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HOT or NOT: Rapping Ballers?

Basketball players want to be rappers. Rappers want to be ball players and film stars. Film stars know not to touch the mic. Amidst the hoopla around Artest and AI's shortlived rap careers and the controversy around images of "hip-hop" in the NBA and how basketball players want to look "ghetto" on the sidelines, a rapper (can't remember the name) responded and said (loosely) "(we) want to have the fine suits and the guaranteed contracts. Why would you want to look poor?"

This is by no means a moral judgment on what people should and shouldn't wear on the sidelines or neither is this an anti-hip-hop diatribe or a jab at the poor, destitute, and oppressed.

Seriously though, why do ball players think they can rap? Second, what type of expectations do we bring to rappers and those who aren't rappers first?

As scholars, critics and artist themselves have written, the craft of hip-hop inflected in part by the culture industry of mass music is built upon certain expectations-- whether its having skills, flow, charisma, novelty or even a particular race, class, gendered background. Despite the discourse that claims that hip-hop is "universal" or an "American" grammar, it's undeniable that the culture, or more precisely the industry deliberately contains the representations of rap music to specific generic conventions, or rather the vestiges, of historical legacies and stereotypes of a urban (meaning poor) black (meaning thug) masculinity (meaning a whole bunch of other things). But besides the stereotypes, you ALSO got to come correct. As much as people might bump "Chicken Noodle Soup" or Mims "This is Why I'm hot" at the club, in cars, or on the (historical) bloc, its evident by record sales alone that their shelf life is shorter than raw meats outdoors. Not surprising how less mainstream artists like Ghostface Killah push more records by quite a large margin.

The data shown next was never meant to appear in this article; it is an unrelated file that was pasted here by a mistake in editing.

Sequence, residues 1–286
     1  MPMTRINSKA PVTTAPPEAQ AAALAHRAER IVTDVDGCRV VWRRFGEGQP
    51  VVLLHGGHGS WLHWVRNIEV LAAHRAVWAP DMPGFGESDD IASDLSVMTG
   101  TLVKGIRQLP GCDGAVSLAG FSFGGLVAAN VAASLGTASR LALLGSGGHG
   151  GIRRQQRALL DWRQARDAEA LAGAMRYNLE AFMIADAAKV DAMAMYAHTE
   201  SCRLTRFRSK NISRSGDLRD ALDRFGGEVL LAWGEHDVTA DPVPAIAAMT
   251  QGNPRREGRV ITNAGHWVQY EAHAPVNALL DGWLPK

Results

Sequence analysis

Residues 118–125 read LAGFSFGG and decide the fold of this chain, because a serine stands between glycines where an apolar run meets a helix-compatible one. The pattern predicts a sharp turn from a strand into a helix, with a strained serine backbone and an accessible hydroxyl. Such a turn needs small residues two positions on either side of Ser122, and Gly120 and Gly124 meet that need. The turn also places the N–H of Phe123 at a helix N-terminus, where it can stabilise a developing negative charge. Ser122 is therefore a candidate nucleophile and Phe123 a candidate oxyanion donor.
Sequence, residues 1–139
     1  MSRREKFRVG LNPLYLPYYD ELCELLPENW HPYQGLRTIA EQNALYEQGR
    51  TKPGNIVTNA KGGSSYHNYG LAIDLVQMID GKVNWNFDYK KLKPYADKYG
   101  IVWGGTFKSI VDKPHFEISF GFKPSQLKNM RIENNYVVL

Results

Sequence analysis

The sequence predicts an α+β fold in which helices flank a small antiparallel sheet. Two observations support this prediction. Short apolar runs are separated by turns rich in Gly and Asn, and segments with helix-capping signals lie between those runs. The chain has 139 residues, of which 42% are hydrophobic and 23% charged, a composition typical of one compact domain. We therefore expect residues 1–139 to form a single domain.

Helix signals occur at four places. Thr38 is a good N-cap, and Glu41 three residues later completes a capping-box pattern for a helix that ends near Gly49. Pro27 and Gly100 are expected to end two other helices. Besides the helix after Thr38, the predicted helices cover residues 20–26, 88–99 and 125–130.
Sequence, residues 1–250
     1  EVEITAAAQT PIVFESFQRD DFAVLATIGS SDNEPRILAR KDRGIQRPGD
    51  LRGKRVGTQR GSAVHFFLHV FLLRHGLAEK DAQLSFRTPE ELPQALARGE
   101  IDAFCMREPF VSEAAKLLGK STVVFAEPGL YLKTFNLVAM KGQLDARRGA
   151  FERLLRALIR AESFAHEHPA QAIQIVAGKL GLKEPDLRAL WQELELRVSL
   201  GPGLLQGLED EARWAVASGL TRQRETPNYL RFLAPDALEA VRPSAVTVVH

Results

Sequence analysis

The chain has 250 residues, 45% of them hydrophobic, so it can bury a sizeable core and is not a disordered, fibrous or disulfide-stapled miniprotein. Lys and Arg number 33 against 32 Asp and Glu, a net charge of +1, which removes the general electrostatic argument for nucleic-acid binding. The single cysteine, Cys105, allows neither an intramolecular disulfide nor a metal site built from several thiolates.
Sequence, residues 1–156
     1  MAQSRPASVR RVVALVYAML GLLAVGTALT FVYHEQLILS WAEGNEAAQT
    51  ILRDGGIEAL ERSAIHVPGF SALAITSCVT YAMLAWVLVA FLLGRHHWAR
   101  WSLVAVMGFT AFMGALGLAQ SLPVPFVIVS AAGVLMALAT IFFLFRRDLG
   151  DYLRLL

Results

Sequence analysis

Ballers-cum-rappers tend to say nothing at all or offer some of worst lyricism ever, sticking to cliches of images commonly circulated throughout rap but with b-rate video vixens, cars, and directors (see Roy Jones Jr. "Y'all Must've Forgot").

From the good friends over at the Poplicks blog, I came across a post about Tony P(arker)'s new rap album. For release in France, but his music videos are circulating across the globe as we speak. I had to see for myself.

As expected, it contained the cliche sports and hip-hop motifs. Basketball hoops, cheerleaders, a few basketball references (its in French but you can hear things like "slam dunk") in addition to the conventional music video stuff like fine women, cars with big big wheels, and of course the possee. Surprisingly, no Spurs players are present, probably cuz Brent Barry, Tim Duncan, Oberto, et al. aren't really street cred worthy. I think it goes to show that image isn't EVERYTHING and that being having lyrics as crafty as your game on the court could probably go a long way.

With that said, GSoM presents Tony P. Is he "HOT" or "NOT"??? I think you already know what I think...

"Top of the Game"
- Tony P. featuring Fabolous & Booba

"Balance Toi" - Tony P.

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